The National Multiple Sclerosis Society, Upper Midwest Chapter will hold Walk MS: Fargo Saturday, April 27. More than 400 walkers are expected to come out and help raise nearly $100,000. Walk MS: Fargo is one of 33 walk events throughout Iowa, Minnesota, North Dakota, South Dakota and western Wisconsin.
Dollars raised will support programs and services for more than 17,000 people with MS and their families in the Upper Midwest Chapter area and will fund cutting-edge research to stop the disease in its tracks, restore lost function and create a world free of MS.
Participants in Walk MS: Fargo— will start and end at the Scheels Arena (5225 31st Ave. S.) — can choose a 3- or 6-mile route. People can take part in the event individually or as a team.
Walk MS: Fargo
Saturday, April 27, check-in: 8:30 a.m. Walkers can begin walking at 10 a.m.
Scheels Arena (5225 31st Ave. S.) Fargo, ND
Visit myMSwalk.org or call 800-582-5296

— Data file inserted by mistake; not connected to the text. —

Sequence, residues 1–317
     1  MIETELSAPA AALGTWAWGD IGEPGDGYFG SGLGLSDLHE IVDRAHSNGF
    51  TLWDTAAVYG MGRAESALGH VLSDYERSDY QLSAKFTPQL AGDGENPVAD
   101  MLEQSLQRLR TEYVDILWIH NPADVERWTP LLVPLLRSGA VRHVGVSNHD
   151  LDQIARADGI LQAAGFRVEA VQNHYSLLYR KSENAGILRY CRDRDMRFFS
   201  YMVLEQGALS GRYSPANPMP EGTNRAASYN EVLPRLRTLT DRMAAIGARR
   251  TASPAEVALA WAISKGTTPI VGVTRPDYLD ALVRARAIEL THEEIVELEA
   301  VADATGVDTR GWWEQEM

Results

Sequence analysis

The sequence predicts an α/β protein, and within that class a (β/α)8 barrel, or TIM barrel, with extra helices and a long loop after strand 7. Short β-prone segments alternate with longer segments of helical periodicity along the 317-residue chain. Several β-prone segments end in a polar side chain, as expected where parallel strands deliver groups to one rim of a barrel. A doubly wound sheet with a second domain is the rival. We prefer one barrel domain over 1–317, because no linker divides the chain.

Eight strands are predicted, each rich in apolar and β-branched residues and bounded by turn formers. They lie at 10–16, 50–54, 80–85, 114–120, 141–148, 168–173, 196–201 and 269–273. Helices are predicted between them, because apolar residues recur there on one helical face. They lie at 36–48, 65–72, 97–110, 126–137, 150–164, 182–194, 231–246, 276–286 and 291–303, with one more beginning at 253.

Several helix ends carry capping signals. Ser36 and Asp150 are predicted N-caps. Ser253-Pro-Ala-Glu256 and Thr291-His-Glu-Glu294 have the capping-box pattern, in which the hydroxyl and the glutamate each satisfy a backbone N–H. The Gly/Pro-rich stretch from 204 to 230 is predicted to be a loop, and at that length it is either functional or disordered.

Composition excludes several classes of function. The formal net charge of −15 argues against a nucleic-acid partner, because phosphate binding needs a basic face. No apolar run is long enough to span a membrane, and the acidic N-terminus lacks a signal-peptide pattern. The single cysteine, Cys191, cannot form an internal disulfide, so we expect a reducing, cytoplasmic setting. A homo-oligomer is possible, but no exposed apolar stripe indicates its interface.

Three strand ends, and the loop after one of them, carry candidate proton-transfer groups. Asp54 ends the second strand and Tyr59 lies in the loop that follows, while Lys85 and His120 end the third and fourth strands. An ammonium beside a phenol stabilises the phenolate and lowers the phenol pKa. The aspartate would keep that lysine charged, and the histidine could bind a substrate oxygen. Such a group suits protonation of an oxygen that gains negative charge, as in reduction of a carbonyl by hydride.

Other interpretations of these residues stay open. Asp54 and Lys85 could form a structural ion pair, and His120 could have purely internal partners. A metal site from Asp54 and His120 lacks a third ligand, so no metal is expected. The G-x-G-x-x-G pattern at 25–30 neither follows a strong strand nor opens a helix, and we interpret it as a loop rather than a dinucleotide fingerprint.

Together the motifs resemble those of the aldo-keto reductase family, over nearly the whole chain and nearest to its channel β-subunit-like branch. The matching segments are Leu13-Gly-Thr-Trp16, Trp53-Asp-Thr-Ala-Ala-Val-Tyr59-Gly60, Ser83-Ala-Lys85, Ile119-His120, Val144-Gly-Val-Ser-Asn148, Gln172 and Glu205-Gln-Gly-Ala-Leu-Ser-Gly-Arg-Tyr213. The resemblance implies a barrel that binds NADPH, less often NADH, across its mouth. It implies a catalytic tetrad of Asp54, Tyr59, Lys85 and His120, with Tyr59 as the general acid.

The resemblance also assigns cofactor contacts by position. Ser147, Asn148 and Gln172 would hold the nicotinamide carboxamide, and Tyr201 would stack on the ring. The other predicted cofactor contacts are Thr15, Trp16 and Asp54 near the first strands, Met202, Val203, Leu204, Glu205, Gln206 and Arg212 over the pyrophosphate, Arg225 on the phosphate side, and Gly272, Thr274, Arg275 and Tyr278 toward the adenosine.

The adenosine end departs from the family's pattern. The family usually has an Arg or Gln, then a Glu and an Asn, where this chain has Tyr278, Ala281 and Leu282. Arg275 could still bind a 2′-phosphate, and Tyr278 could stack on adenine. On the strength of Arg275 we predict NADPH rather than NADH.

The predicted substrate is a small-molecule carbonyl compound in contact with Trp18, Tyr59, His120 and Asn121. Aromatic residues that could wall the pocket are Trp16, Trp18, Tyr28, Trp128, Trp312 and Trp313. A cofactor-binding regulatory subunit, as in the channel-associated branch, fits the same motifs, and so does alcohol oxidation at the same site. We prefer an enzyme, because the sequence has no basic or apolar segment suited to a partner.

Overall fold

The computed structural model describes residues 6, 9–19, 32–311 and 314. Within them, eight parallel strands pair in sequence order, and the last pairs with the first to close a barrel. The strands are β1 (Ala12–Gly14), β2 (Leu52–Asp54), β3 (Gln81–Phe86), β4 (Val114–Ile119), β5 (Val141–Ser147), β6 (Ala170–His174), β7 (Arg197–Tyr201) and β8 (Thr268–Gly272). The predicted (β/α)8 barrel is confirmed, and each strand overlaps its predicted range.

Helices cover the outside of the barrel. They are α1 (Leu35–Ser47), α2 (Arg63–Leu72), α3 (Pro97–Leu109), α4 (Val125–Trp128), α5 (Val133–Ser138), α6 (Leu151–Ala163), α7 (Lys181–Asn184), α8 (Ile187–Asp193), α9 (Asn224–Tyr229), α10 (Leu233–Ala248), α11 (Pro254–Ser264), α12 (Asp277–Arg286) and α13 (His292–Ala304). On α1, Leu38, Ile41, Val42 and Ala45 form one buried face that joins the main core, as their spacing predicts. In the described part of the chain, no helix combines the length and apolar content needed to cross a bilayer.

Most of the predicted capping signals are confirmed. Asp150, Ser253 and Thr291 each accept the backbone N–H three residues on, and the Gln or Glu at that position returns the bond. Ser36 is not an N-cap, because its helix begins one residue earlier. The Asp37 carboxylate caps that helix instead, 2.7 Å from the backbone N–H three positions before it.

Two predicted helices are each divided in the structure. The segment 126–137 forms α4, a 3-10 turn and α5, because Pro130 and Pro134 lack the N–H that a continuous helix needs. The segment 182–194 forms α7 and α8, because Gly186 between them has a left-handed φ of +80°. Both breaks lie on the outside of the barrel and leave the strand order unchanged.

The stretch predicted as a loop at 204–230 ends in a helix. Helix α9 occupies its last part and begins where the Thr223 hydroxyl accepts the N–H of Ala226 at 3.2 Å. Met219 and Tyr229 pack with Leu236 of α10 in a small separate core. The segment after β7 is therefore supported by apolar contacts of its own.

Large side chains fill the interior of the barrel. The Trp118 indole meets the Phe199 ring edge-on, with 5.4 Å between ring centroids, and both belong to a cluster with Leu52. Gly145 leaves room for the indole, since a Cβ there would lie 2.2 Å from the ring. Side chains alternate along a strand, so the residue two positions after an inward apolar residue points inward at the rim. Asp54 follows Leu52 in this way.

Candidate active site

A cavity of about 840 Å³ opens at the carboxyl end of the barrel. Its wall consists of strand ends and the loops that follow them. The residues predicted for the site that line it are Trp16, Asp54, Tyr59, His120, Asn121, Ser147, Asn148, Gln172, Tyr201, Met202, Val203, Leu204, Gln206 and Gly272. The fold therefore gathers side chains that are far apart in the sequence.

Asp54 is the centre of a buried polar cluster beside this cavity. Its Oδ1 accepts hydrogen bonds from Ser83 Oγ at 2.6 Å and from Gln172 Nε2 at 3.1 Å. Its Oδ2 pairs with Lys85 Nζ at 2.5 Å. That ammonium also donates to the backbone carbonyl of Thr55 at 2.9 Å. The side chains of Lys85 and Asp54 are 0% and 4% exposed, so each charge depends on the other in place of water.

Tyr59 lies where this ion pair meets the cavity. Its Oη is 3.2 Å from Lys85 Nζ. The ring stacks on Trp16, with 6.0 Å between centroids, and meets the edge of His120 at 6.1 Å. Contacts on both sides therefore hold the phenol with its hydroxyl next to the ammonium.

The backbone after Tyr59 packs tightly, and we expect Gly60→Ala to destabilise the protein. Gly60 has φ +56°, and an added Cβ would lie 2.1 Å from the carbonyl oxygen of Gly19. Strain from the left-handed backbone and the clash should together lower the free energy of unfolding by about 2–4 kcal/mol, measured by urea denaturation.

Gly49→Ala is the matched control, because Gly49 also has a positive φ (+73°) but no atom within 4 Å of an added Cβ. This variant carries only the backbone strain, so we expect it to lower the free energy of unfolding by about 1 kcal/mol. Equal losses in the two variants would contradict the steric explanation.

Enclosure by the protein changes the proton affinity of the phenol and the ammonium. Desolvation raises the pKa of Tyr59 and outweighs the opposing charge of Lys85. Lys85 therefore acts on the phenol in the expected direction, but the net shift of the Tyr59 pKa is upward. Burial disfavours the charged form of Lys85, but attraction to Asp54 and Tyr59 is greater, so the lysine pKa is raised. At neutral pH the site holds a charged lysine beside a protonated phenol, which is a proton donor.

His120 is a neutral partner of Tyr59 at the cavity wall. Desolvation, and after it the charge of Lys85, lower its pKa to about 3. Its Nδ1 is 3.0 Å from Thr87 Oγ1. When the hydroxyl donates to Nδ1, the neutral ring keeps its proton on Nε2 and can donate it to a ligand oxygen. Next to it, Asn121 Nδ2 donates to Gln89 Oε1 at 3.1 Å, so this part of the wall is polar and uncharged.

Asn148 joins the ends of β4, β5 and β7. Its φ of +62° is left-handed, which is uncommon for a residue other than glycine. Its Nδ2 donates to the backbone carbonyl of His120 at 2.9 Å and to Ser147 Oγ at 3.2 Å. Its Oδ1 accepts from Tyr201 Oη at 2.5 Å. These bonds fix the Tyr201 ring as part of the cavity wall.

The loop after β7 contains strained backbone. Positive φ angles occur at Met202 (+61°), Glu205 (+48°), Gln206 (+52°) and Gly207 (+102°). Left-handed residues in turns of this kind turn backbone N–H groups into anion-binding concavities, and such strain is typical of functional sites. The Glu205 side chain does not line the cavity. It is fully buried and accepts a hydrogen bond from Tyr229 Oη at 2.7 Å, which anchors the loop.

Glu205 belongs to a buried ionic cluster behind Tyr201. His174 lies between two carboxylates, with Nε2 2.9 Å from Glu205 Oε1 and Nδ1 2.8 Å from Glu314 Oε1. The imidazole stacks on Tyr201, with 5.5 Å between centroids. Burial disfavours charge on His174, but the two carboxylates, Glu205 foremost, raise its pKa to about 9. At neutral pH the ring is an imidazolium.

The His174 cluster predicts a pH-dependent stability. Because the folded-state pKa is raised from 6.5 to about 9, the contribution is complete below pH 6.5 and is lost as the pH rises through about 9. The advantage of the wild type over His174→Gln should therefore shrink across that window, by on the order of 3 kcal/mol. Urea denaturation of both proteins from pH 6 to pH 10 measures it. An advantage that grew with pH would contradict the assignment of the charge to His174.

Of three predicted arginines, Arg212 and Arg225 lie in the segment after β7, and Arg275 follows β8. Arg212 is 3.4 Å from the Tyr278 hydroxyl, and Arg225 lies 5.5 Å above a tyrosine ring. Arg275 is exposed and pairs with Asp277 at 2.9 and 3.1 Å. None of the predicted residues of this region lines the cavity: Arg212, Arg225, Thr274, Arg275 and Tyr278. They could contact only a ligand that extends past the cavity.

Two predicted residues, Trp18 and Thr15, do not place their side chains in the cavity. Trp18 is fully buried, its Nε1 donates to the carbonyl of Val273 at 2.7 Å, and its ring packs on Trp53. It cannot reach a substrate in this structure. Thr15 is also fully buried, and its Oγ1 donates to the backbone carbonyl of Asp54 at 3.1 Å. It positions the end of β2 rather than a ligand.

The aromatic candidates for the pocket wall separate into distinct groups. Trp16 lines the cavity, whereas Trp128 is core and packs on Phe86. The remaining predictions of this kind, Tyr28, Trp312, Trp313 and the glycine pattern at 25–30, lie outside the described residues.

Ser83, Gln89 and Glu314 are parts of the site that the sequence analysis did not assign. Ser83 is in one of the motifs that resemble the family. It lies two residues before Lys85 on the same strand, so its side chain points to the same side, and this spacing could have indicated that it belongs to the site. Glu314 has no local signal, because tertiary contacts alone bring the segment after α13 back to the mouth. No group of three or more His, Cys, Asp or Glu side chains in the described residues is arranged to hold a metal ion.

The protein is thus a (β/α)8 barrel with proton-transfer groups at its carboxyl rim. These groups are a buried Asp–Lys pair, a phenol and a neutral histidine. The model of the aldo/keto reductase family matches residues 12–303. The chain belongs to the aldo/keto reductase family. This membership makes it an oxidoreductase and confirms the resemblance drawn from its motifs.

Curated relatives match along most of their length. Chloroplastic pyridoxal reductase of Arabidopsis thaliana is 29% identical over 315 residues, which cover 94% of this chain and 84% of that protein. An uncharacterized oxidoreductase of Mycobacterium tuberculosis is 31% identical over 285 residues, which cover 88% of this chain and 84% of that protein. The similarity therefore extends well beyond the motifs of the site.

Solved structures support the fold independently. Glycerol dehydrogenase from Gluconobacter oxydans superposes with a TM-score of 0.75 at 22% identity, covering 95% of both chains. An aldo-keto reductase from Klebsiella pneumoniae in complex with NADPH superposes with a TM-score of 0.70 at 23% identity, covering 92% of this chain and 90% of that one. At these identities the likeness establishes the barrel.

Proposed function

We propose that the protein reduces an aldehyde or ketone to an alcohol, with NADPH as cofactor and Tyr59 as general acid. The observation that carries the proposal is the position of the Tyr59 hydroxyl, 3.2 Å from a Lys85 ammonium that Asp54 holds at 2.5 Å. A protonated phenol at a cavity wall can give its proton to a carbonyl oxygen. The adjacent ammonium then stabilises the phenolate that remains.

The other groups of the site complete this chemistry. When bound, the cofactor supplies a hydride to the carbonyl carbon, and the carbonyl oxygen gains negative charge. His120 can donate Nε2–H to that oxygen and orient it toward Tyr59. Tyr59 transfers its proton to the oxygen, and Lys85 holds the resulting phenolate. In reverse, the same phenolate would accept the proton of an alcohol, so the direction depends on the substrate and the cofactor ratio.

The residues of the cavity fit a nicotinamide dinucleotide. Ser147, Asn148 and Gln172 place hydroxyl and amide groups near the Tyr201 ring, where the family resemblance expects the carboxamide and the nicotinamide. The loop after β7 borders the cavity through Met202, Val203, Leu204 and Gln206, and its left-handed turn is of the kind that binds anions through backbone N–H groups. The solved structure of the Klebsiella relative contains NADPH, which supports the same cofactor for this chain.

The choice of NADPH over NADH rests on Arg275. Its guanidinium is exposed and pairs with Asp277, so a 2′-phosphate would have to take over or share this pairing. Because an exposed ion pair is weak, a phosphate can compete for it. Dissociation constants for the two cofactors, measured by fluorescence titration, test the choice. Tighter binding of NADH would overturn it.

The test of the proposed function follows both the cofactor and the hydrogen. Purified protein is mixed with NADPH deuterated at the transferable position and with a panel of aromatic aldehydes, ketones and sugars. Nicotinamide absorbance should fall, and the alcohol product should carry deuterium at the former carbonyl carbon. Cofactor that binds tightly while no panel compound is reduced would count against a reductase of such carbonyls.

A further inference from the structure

Dollars raised benefit the National Multiple Sclerosis Society, Upper Midwest Chapter
About multiple sclerosis
Multiple sclerosis, an unpredictable, often disabling disease of the central nervous system, interrupts the flow of information within the brain, and between the brain and body. Symptoms range from numbness and tingling to blindness and paralysis. The progress, severity and specific symptoms of MS in any one person cannot yet be predicted, but advances in research and treatment are moving us closer to a world free of MS. Most people with MS are diagnosed between the ages of 20 and 50, with at least two to three times more women than men diagnosed with the disease. MS affects more than 2.1 million people worldwide.
About the National Multiple Sclerosis Society
The Society addresses the challenges of each person affected by multiple sclerosis. To fulfill this mission, the Society funds cutting-edge research, drives change through advocacy, facilitates professional education, collaborates with MS organizations around the world, and provides programs and services designed to help people with MS and their families move their lives forward. In 2012 alone, the Society invested $43 million to